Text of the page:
The team should state whether it will act on information it receives about vulnerabilities which create opportunities for future incidents. A commitment to act on such information on behalf of its constituency is regarded as an optional pro-active service policy rather than a core service requirement for an IRT.

5.3.2 Co-operation and interaction with other organizations

This section should make explicit the related groups with which the IRT interacts:

5.3.3 Reporting and Disclosure

The default status of any and all security-related information which a team receives can only be 'confidential,' but rigid adherence to this makes the team a 'black hole.' Its template should define what information it will report or disclose, to whom, and when.

Different teams are likely to be subject to different legal restraints requiring or limiting disclosure, especially if they work in different jurisdictions. Each team's template should specify any such restraints, both to clarify users' expectations and to inform other teams.

Conflicts of interest, particularly in commercial matters, may also restrain disclosure by a team; the present Draft does not recommend on how such conflicts should be addressed.

An explicit policy concerning disclosure to the Press can be helpful, particularly in clarifying the expectations of an IRT's constituency.

'Disclosure' includes:

The reporting and disclosure policy should make clear who will be the recipients of an IRT's reports in each circumstance. It should also note whether the team will expect to deal through another IRT or directly with a member of another constituency over matters directly involving that member.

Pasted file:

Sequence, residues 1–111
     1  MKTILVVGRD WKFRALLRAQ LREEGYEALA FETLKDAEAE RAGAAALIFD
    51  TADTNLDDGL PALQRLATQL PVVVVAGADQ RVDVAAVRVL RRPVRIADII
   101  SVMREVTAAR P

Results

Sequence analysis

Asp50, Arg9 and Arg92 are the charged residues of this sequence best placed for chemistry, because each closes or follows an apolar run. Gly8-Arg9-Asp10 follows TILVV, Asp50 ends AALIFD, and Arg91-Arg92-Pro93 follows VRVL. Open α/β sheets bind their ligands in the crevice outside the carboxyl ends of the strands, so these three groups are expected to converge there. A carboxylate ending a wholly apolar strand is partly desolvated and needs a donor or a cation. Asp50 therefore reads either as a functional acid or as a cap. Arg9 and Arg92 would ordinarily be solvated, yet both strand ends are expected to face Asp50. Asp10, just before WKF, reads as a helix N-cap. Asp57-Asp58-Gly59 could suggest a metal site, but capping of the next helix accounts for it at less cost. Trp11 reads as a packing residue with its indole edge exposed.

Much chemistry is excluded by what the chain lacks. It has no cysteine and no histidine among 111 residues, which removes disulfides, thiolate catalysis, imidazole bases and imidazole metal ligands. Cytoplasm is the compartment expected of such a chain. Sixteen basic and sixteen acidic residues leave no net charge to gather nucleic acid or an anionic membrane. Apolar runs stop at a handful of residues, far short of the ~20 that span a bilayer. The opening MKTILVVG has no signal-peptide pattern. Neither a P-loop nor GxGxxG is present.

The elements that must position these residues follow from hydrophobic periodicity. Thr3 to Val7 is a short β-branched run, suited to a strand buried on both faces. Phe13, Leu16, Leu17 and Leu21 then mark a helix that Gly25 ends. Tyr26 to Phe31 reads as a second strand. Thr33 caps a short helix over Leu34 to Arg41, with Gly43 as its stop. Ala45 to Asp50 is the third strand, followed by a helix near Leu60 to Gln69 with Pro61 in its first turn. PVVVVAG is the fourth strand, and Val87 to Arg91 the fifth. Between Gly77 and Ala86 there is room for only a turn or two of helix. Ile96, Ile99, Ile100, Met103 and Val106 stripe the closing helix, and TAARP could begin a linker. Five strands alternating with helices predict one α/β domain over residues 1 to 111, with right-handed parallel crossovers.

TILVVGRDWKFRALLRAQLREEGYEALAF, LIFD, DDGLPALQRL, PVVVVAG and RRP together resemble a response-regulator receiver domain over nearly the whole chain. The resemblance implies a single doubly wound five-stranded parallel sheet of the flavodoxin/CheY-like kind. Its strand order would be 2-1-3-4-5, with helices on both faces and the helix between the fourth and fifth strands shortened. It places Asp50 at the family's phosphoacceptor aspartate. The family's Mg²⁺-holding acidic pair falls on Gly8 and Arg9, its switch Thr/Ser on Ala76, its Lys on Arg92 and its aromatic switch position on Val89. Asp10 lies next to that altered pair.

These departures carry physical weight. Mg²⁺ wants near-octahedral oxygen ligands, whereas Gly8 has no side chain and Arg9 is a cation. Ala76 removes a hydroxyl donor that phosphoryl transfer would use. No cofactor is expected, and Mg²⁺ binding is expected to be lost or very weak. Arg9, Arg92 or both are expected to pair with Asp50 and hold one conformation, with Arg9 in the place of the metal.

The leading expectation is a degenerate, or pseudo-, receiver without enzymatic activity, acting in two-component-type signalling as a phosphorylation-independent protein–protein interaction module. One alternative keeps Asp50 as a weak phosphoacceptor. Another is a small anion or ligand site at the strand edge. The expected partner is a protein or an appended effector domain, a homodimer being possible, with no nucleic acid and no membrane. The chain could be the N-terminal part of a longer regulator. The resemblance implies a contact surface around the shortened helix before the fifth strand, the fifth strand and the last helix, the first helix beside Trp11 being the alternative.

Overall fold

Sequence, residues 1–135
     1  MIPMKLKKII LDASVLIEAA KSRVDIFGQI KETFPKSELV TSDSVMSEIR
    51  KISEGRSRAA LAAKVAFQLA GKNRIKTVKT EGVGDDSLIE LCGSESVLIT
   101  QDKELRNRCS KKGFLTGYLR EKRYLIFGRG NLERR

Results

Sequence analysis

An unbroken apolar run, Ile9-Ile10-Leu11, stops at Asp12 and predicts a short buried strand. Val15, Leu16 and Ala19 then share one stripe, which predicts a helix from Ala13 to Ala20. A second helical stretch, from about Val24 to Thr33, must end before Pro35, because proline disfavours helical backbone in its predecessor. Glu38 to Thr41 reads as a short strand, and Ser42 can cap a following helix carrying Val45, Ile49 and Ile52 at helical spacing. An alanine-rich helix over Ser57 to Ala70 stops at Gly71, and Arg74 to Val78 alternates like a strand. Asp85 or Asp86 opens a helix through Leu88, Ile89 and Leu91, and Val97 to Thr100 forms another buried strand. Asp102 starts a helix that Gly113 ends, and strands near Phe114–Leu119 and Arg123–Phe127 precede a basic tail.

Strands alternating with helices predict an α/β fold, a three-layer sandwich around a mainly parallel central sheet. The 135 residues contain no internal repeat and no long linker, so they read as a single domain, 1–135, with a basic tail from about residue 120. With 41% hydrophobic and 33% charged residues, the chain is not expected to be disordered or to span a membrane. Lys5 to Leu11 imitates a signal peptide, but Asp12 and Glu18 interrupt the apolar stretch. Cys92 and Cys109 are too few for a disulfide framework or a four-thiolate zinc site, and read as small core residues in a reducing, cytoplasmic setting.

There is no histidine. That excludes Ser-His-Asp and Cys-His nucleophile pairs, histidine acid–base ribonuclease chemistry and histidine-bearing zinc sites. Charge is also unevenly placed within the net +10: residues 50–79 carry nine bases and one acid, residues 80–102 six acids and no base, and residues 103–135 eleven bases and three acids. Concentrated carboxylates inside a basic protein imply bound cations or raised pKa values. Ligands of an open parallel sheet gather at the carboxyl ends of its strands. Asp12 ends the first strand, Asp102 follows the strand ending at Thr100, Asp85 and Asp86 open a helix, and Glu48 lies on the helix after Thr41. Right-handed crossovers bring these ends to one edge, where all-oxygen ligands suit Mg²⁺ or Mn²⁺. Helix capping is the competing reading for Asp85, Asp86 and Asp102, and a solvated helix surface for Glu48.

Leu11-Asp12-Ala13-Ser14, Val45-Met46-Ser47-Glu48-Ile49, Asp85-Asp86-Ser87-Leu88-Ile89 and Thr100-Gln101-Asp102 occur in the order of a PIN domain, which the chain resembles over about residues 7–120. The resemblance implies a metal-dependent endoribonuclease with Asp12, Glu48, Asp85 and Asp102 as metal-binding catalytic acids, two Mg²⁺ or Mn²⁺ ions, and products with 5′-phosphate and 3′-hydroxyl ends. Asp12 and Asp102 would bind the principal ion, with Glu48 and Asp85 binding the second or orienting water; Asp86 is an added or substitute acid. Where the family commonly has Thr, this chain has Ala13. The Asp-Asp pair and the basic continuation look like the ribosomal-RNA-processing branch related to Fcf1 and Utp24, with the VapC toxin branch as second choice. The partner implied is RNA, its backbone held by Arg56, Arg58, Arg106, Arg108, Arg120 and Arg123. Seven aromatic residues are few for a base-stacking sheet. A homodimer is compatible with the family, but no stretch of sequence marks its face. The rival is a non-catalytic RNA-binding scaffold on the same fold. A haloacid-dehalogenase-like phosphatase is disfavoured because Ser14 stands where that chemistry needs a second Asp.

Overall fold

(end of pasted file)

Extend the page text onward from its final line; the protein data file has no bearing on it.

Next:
A team will normally collect statistics. If they are distributed, the template's reporting and disclosure policy should say so, and should list the recipients.

5.3.4 Communication and authentication

Methods of secure and verifiable communication should be established. This is necessary for communication between IRTs and between an IRT and its constituents. The template should include public keys or pointers to them, including key fingerprints, together with guidelines on how to use this information to check authenticity.

At the moment it is recommended that every IRT have, as a minimum, a PGP key available, since PGP is available world-wide. Teams may also make other mechanisms available, for example PEM.

For comunication via telephone or facsimile an IRT may keep secret authentication data for parties with whom they may deal, such as an agreed password or phrase.

5.4 Services

Services should be defined in two sections, as listed below.

5.5 Incident reporting Forms

Samples of reporting forms used by the IRT (or pointers to them) should be included at this point in a template.

5.6 Disclaimers

Although the template does not constitute a contract, liability might conceivably result from its descriptions of services and purposes. The inclusion of a disclaimer at the end of the template is recommended.

It should be noted that some forms of reporting or disclosure relating to specific incidents or vulnerabilities can imply liability, and IRTs should consider the inclusion of disclaimers in such material.

In situations where the original version of a template must be translated into another language, the translation should carry a disclaimer and a pointer to the original. For example:

Although we tried to carefully translate our German template into English, we can not be certain that both documents express the same thoughts in the same level of detail and correctness. In all cases, where there is a difference between both versions, the German version is the binding version for our operation.